Moved to serve a cause greater than himself, Dugan left his job and family and hopped on a plane, figuring he’d be gone for about three weeks at the most.

Once in New Orleans, Dugan was unsure what role paramedics like himself would play at the convention center.

“I said, ‘Just let me know what has to be done, and I’ll make it happen,’” he said. “With doffing, people would come in thinking they had it down. But, it’s an evidence-based practice, and the evidence is showing us this is how to do it, as far as removing the gown, gloves and mask. We were like the last line of defense there.”

Meanwhile, Dugan took every opportunity to soak up information from the nurses in his group.

“A lot of the nurses are like, ‘Wow, you’re really into this.’ But, this is something I really want to do,” he said.

It wasn’t always that way.

Upon graduating from Scranton Preparatory School, Dugan had little interest in nursing or even college. Instead, he opted to become a paramedic because it would provide him with the opportunity to serve people in distress.

Indeed, it’s been a rewarding career for the former Pennsylvania Army National Guard member, who has gone on to earn his flight paramedic certification and an associate degree in emergency medical services from Lackawanna College.

“I like that no day is ever the same,” Dugan said of the job. “You never know what you’re going to get. It could be really slow, and then the next minute there’s a 12-car pileup on the interstate. And I love learning – I learn something on every call.”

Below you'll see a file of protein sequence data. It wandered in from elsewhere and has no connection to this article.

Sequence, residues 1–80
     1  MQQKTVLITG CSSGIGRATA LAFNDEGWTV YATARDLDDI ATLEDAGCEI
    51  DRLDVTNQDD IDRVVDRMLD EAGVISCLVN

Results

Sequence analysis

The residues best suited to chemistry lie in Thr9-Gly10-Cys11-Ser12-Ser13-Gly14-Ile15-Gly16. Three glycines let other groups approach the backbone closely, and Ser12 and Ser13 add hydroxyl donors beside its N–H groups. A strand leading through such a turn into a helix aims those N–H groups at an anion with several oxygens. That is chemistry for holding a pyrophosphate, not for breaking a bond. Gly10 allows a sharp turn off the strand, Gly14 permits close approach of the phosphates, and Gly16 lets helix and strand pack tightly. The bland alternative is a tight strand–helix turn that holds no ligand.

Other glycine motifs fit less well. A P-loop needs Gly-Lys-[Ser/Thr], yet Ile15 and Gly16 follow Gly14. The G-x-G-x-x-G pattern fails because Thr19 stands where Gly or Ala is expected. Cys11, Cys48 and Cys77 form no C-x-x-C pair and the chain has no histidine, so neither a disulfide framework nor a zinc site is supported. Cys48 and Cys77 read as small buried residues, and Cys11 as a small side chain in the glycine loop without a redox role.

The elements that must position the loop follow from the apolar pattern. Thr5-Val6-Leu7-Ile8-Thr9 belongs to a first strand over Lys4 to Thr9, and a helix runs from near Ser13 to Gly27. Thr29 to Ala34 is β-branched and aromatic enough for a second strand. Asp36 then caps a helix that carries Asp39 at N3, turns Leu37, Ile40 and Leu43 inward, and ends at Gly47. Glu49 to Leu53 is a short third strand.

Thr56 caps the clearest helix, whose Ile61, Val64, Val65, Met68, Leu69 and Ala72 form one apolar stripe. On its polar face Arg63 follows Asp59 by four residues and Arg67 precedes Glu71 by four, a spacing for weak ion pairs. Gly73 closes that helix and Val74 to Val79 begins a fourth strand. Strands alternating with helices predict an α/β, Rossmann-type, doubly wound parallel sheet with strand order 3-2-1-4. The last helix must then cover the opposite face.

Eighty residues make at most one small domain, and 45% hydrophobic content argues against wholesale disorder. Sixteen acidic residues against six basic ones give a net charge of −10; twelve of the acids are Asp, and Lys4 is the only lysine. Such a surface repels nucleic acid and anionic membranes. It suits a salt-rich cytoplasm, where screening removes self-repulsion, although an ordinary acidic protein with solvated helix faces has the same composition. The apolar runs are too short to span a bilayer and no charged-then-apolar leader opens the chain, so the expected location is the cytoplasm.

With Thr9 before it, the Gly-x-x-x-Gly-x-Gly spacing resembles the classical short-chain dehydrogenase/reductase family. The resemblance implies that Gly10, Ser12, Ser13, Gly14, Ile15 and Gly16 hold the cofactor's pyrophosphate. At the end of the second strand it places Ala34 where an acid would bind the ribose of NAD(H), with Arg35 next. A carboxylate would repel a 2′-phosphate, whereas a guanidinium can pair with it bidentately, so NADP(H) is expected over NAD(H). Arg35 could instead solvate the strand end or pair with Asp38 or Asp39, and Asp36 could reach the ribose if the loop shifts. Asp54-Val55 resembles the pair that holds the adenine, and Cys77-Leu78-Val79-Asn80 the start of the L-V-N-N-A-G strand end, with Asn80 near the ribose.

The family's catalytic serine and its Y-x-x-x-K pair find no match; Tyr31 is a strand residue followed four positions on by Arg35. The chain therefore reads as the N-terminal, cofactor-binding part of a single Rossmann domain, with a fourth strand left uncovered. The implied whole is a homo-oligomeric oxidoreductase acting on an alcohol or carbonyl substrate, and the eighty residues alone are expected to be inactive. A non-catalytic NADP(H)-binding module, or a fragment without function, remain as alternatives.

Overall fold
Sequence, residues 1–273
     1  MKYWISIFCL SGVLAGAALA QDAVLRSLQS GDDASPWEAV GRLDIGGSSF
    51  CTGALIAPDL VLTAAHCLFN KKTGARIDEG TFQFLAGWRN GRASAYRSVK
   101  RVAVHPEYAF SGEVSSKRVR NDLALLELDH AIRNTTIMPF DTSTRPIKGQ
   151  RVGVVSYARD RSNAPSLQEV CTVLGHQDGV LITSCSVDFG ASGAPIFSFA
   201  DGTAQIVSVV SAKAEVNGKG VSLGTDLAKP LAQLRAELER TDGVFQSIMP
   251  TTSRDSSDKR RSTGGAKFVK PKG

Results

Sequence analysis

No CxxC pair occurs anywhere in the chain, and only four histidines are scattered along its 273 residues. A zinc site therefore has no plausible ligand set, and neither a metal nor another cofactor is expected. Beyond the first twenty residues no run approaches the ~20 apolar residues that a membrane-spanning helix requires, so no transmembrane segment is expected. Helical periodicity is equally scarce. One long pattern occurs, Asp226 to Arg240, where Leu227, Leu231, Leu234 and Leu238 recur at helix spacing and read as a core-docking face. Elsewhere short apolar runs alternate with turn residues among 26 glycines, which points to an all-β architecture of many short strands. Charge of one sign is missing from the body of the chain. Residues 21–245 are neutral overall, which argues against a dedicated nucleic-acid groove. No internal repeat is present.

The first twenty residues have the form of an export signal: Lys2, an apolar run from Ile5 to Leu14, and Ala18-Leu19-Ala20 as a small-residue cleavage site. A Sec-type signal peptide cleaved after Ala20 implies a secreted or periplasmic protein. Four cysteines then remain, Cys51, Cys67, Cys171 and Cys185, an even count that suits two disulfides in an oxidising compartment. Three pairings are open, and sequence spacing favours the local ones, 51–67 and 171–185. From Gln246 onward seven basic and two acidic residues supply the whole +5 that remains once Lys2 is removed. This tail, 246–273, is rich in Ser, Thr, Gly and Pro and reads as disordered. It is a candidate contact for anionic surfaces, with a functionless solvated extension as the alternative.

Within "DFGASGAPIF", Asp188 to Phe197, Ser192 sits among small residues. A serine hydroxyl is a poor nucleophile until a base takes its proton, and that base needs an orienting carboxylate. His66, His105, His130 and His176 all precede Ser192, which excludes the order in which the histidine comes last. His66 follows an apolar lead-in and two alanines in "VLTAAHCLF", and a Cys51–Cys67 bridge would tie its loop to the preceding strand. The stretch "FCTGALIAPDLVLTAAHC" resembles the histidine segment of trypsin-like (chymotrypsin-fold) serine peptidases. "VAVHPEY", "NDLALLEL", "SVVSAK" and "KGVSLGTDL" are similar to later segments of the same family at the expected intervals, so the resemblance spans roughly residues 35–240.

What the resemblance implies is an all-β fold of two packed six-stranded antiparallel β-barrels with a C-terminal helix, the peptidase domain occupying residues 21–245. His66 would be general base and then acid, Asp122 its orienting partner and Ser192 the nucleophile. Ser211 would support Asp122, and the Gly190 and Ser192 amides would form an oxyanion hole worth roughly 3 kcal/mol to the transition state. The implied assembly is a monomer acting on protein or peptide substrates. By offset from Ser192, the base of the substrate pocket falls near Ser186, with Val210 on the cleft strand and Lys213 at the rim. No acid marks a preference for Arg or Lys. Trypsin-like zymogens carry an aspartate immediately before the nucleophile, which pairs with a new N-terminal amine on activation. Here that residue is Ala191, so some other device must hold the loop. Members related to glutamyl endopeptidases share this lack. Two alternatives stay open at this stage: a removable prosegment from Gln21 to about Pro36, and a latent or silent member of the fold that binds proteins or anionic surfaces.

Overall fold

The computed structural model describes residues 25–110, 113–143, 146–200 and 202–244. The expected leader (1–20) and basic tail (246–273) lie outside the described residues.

Dugan’s career outlook changed course when his late mother, Karen, was diagnosed with terminal cancer. Watching the dedicated staff of nurses who tended to her, he thought, “I think I want to do that.”

Ever since arriving at Penn State Scranton in the fall of 2018, Dugan has found the nursing program to be a rigorous, collegial and highly collaborative environment. In addition to tutoring fellow students, he’s offered the faculty input on the annual Nittany Lion Free Children’s Health Fair, and, prior to the pandemic, he had been scheduled to give a CPR training workshop at the campus.

“Ray is a very organized student and was able to keep up with all class assignments and exams. And, he recently offered to tutor students for pharmacology in the fall,” said Theresa Baker, instructor in nursing.

“Mr. Dugan is a responsible, dedicated nursing student, willing to go the extra mile in assisting fellow classmates’ goals for academic success,” added Dr. Milton Evans, associate teaching professor in nursing and program coordinator.

Dugan said Evans, Baker and the other nursing faculty members have been “fantastic” to work with.

“We have a great relationship, and they treat me like a professional, because of my background,” he said. “For me sometimes, the biggest thing is to step back from my role as a paramedic and be a student. There’s open discussion, and I can bring up something from work. I learn something from them every day. And they’re accessible. I can walk into Milt or Instructor Baker’s office at any time to talk to them.”

Already, Dugan has his eye on the future. He intends to get his master’s degree in nursing through Penn State's World Campus, and can see himself ultimately becoming a flight nurse for the Navy.

Right now, though, he’s looking forward to returning home and eventually to the campus, the place where his promising future began.

“As it turns out, I stepped into one of the best things that’s ever happened to me,” Dugan said. “For me, being a nurse is taking care of someone else’s mother, someone else’s daughter, someone else’s sister. That’s what I want to do.”